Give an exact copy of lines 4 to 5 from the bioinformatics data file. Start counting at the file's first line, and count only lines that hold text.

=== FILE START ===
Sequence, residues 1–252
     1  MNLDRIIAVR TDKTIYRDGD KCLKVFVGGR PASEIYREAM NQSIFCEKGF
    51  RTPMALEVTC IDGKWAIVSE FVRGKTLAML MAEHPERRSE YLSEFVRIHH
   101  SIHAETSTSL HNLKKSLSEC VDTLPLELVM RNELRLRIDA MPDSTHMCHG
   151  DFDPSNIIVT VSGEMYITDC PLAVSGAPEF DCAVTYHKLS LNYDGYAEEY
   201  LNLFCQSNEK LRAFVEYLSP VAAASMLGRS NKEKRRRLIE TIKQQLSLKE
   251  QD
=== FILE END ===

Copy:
   101  SIHAETSTSL HNLKKSLSEC VDTLPLELVM RNELRLRIDA MPDSTHMCHG
   151  DFDPSNIIVT VSGEMYITDC PLAVSGAPEF DCAVTYHKLS LNYDGYAEEY